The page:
Christian and conservative, openly rejecting the reform currents so strong within
Spiritualism. Others, such as Human Nature, were pointedly non-Christian and supportive
of socialism and reform efforts. Still others, such as The Spiritualist, attempted to view
spiritualist phenomena from a scientific perspective, eschewing discussion on both
theological and reform issues.[32]
Books on the supernatural were published for the growing middle class, such as
1852's Mysteries, by Charles Elliott, which contains "sketches of spirits and spiritual things",
including accounts of the Salem witch trials, the Cock Lane Ghost, and the Rochester
Rappings.[33] The Night Side of Nature, by Catherine Crowe, published in 1853, provided
definitions and accounts of wraiths, doppelgangers, apparitions and haunted houses. [34]
Mainstream newspapers treated stories of ghosts and haunting as they would any other
news story. An account in the Chicago Daily Tribune in 1891, "sufficiently bloody to suit the
most fastidious taste", tells of a house believed to be haunted by the ghosts of three
murder victims seeking revenge against their killer's son, who was eventually driven
insane. Many families, "having no faith in ghosts", thereafter moved into the house, but all
soon moved out again.[35] In the 1920s many "psychic" books were published of varied
quality. Such books were often based on excursions initiated by the use of Ouija boards. A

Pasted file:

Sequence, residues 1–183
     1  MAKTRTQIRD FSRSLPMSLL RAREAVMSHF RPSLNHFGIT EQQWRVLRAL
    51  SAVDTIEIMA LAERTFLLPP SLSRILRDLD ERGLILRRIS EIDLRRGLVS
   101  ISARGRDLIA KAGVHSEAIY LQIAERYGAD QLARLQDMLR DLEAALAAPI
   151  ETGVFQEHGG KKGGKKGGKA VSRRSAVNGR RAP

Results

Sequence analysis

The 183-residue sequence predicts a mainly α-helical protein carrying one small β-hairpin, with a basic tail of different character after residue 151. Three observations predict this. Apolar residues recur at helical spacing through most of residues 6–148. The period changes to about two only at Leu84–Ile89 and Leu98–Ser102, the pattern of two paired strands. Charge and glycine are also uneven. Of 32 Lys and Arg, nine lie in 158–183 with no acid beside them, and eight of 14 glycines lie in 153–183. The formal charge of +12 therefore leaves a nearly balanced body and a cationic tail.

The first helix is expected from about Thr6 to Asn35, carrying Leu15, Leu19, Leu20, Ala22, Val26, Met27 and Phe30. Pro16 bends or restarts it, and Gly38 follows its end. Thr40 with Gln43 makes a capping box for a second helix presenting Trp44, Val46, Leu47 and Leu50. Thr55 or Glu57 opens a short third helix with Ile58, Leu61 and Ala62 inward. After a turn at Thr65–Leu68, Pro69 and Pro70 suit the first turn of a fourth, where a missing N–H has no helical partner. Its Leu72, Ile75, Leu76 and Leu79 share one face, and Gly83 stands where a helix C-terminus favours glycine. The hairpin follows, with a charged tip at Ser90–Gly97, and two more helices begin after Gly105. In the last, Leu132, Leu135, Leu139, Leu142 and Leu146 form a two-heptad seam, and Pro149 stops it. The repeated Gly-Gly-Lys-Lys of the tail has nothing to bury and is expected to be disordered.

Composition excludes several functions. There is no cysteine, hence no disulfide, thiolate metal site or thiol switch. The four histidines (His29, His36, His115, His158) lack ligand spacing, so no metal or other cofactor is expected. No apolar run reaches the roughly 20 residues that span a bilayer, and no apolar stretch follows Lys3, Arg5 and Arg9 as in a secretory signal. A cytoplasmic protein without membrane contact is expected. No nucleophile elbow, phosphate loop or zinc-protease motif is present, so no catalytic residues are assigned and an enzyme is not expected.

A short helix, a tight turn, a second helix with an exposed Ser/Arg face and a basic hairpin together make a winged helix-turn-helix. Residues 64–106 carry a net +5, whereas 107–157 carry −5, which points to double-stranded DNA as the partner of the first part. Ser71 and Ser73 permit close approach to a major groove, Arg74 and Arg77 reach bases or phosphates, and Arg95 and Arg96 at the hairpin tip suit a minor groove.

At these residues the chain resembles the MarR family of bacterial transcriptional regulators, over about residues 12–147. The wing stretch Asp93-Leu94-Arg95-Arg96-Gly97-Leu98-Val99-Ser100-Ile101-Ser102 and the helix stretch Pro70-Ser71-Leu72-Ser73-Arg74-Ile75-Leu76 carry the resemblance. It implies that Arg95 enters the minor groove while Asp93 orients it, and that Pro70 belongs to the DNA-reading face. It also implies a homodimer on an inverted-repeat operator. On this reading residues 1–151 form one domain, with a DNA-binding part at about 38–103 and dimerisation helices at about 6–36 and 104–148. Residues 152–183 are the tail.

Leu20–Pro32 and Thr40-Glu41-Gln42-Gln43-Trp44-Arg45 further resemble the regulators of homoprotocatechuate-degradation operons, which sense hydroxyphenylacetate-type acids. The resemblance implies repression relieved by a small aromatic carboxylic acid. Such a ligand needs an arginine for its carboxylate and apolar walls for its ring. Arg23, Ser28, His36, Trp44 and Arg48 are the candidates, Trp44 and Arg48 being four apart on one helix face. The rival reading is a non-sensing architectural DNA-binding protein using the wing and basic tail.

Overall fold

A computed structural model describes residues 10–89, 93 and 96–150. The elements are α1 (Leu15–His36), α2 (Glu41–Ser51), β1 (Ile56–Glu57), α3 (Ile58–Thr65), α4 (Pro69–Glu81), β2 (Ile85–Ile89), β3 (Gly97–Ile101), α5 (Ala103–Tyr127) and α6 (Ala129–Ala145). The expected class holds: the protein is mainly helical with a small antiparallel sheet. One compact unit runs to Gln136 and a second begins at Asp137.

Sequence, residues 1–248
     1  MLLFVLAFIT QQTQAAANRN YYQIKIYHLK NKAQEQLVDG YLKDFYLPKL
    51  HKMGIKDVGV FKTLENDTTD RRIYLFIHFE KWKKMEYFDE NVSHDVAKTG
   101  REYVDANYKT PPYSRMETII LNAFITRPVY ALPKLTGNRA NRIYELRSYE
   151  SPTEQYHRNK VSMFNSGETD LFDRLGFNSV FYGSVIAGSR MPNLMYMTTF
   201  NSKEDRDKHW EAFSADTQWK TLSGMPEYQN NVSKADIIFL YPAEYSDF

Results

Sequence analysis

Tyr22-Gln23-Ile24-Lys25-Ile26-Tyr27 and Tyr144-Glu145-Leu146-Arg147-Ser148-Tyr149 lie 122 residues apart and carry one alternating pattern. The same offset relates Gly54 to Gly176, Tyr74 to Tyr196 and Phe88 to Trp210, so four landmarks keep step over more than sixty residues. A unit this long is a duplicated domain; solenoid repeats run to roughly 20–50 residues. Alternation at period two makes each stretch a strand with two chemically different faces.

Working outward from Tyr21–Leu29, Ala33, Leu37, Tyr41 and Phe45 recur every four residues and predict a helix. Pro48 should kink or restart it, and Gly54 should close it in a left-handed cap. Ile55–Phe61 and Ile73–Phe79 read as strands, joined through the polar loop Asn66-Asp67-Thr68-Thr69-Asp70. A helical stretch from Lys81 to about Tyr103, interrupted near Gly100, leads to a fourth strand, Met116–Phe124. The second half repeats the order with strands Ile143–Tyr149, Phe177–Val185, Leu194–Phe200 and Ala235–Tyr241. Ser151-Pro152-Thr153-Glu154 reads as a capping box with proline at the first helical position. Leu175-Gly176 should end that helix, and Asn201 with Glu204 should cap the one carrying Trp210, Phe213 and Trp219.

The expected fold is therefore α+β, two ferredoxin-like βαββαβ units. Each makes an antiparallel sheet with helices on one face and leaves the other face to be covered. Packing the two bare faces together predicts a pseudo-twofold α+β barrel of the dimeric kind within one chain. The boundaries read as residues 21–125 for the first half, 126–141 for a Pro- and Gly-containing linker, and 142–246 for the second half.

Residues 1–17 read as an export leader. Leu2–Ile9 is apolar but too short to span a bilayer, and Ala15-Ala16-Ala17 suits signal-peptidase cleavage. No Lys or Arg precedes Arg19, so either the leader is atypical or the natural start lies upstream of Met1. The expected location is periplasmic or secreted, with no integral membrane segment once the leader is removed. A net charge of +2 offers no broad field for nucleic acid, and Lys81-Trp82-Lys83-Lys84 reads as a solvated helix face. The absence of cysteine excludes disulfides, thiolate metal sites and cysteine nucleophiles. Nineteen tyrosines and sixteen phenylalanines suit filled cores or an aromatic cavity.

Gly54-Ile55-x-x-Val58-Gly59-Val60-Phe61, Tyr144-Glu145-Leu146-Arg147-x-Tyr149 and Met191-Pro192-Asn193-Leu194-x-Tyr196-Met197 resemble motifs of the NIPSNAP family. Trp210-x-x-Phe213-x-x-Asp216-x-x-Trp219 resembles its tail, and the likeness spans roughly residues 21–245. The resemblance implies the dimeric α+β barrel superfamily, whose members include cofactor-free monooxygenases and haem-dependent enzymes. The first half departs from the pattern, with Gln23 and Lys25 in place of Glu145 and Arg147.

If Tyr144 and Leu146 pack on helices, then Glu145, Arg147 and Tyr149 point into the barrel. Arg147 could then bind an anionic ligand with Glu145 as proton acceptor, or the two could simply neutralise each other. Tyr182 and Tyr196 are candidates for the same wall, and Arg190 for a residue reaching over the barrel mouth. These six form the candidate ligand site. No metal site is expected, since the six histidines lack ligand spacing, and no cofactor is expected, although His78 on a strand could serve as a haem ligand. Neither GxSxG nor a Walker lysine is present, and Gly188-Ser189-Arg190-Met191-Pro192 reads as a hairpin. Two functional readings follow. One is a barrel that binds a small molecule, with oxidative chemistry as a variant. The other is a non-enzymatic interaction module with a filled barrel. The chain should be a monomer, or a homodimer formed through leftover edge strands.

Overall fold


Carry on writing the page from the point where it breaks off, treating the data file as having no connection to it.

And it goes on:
few of these popular books displayed unorganized Spiritualism, though most were less
insightful.[36]
The movement was extremely individualistic, with each person relying on her own
experiences and reading to discern the nature of the afterlife. Organisation was therefore
slow to appear, and when it did it was resisted by mediums and trance lecturers. Most
members were content to attend Christian churches, and particularly Universalist churches
harbored many Spiritualists.
As the Spiritualism movement began to fade, partly through the bad publicity of fraud
accusations and partly through the appeal of religious movements such as Christian
Science, the Spiritualist Church was organised. This church can claim to be the main
vestige of the movement left today in the United States. [1][2]

Other mediums[edit]

Eusapia Palladino

In the late 19th century the British medium William Eglinton claimed to perform spiritualist
phenomena such as movement of objects andmaterializations. All of his feats were
exposed as tricks.[37][38]
William Stainton Moses (183992) was an Anglican clergyman who, in the period from
1872 to 1883, filled 24 notebooks with automatic writing, much of which was said to
describe conditions in the spirit world. However, Frank Podmore was skeptical of his